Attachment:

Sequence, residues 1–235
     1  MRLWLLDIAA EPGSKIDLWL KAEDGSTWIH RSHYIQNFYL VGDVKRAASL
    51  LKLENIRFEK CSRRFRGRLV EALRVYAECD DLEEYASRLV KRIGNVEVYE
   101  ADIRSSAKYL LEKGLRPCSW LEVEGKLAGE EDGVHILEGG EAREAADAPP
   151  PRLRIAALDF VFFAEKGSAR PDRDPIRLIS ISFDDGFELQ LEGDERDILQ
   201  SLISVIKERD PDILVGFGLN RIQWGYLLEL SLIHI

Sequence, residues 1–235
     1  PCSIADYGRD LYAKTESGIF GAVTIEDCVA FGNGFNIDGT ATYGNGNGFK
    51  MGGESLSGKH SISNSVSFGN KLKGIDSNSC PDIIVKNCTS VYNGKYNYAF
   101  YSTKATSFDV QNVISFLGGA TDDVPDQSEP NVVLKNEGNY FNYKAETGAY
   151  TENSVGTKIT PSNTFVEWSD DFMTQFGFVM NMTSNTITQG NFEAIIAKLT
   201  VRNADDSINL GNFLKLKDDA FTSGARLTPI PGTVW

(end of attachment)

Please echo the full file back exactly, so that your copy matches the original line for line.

Sequence, residues 1–235
     1  MRLWLLDIAA EPGSKIDLWL KAEDGSTWIH RSHYIQNFYL VGDVKRAASL
    51  LKLENIRFEK CSRRFRGRLV EALRVYAECD DLEEYASRLV KRIGNVEVYE
   101  ADIRSSAKYL LEKGLRPCSW LEVEGKLAGE EDGVHILEGG EAREAADAPP
   151  PRLRIAALDF VFFAEKGSAR PDRDPIRLIS ISFDDGFELQ LEGDERDILQ
   201  SLISVIKERD PDILVGFGLN RIQWGYLLEL SLIHI

Sequence, residues 1–235
     1  PCSIADYGRD LYAKTESGIF GAVTIEDCVA FGNGFNIDGT ATYGNGNGFK
    51  MGGESLSGKH SISNSVSFGN KLKGIDSNSC PDIIVKNCTS VYNGKYNYAF
   101  YSTKATSFDV QNVISFLGGA TDDVPDQSEP NVVLKNEGNY FNYKAETGAY
   151  TENSVGTKIT PSNTFVEWSD DFMTQFGFVM NMTSNTITQG NFEAIIAKLT
   201  VRNADDSINL GNFLKLKDDA FTSGARLTPI PGTVW